For the noncorporate parts of components that are estimated on the basis of the IRS tabulations, BEA assumes that company-industry and establishment-industry distributions are equivalent, because noncorporate businesses typically operate only one establishment. For corporate profits and corporate capital consumption allowances, BEA converts the company-industry distributions to establishment-industry distributions using the methodology described in the next paragraph. For corporate net interest, there is no adequate conceptual basis for the conversion, so conversion is not attempted. For the corporate part of other labor income, BEA has developed establishment-industry distributions based primarily on data from the quinquennial economic censuses. For corporate business transfer payments, mainly charitable contributions, BEA assumes that company-industry and establishment-industry distributions are equivalent.

The methodology used to convert corporate profits before tax and capital consumption allowances is based primarily on special Census Bureau tabulations of the employment of establishments of corporations. These "matrices" present employment of these establishments cross-classified by (1) the company-industry classification assigned by IRS in preparing the tabulations of corporate tax returns and (2) the establishment-industry classification assigned by the Census Bureau in the economic censuses. For the estimates for 1982 forward, the conversion is based on a matrix of establishment employment from the 1982 Economic Censuses that covers all nonfarm industries except railroads and private households. For earlier years, the conversion is based both on the 1982 matrix and on a 1972 matrix that covered only mining, construction, manufacturing, trade, and selected services industries. For all years, information from Department of Energy tabulations of establishment-industry distributions of net income and depreciation of energy companies is used to convert IRS data for integrated petroleum companies. Adjustments to the results of the matrix are made, when necessary, to reflect publicly available information about large mergers, acquisitions, or changes in company diversification that have occurred since 1982.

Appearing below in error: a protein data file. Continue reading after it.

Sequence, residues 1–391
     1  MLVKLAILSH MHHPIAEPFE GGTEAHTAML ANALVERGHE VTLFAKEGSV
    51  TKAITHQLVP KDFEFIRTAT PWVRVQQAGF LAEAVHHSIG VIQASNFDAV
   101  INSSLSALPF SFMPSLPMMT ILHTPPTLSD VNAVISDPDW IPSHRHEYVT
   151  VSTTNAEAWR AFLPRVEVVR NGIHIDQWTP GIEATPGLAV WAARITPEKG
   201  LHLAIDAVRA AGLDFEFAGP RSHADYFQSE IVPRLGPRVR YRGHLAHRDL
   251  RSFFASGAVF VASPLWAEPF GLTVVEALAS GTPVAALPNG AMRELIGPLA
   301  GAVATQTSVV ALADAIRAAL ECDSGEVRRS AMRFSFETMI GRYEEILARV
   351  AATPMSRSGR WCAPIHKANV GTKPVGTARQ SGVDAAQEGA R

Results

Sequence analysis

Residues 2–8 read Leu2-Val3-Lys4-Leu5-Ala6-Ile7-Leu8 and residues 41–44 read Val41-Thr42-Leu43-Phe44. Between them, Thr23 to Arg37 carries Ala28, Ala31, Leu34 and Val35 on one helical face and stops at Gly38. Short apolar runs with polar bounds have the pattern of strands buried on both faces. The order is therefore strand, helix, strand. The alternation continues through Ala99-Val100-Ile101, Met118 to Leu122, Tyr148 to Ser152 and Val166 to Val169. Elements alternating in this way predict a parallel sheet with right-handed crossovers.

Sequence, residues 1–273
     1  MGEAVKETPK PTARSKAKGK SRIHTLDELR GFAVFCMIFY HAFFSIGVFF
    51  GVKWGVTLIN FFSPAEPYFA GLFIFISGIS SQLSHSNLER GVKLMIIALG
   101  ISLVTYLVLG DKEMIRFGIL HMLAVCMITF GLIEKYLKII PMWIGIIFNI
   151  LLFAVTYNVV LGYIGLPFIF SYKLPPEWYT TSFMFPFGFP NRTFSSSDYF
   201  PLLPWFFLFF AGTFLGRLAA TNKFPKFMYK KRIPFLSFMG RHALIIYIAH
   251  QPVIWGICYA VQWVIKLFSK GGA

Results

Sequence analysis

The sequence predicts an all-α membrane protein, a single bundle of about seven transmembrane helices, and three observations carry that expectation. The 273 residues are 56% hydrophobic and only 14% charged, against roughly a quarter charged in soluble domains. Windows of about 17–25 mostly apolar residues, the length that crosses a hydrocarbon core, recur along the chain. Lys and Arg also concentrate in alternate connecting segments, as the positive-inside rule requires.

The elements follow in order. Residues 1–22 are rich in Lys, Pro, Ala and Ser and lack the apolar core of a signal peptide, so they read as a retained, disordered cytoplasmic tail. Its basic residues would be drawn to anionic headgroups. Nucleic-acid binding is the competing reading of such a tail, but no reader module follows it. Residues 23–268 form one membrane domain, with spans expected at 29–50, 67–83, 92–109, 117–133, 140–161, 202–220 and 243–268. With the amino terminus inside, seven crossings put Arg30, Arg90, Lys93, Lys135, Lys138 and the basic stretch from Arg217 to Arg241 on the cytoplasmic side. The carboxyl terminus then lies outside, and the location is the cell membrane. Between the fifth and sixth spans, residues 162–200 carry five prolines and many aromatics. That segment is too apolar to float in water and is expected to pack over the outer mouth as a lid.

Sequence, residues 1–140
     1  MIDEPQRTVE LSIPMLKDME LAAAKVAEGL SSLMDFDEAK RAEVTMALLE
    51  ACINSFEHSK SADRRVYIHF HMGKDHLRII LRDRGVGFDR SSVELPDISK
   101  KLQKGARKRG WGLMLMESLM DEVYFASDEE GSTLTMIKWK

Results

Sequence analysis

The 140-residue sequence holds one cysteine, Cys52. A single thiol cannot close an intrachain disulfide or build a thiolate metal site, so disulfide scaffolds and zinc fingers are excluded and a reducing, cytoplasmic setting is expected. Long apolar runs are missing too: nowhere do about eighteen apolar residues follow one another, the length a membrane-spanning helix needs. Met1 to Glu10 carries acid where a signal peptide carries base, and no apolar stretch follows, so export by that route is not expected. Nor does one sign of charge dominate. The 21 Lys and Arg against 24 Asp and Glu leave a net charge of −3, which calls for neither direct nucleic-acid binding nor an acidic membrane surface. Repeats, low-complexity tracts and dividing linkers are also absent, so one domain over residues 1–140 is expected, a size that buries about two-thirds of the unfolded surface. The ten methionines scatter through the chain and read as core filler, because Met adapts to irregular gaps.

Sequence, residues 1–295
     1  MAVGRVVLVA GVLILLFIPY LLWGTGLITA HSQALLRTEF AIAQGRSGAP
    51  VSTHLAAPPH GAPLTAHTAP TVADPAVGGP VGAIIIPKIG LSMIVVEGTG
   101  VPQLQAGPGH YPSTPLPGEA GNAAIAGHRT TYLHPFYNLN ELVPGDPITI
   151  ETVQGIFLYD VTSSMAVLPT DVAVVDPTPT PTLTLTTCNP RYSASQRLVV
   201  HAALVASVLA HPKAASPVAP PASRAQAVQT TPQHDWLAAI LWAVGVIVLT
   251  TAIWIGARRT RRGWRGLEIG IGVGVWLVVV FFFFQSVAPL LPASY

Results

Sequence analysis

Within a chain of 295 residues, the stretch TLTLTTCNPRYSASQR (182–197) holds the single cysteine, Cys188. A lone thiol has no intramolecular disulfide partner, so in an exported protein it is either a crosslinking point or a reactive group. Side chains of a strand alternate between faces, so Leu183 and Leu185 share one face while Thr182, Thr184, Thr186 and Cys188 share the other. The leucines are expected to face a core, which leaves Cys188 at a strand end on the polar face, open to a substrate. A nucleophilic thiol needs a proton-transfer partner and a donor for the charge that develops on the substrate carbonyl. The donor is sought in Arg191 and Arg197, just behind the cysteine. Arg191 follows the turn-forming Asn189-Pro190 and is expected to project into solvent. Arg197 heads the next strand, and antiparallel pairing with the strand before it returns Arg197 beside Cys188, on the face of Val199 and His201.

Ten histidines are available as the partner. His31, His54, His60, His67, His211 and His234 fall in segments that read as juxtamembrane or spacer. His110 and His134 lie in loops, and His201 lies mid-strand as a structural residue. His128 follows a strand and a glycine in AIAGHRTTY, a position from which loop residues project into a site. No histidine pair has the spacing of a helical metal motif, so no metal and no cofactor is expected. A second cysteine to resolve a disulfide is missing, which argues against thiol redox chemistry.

Constant-dollar estimates: An overview

The constant-dollar GPO estimates are prepared in one of three ways: Double deflation, extrapolation, or direct deflation. The method chosen depends on the availability of source data.

Generally, double deflation is the conceptually preferred method because it measures GPO in the same way that GPO is defined. Moreover, assuming the availability of appropriate source data, double deflation is preferred because it allows for changes over time in the relationships between gross output and inputs. The extrapolation method will yield the correct results if the rates of change in constant-dollar gross output and inputs are the same. The direct-deflation method will yield the correct results if the deflators for both constant-dollar gross output and inputs are the same.

Double deflation is not the preferred method for the three industries—private households, Federal general government, and State and local general government—for which gross output and GPO are defined as employee compensation. For these industries, the most appropriate method is extrapolation by an indicator of labor input that reflects changes in productivity.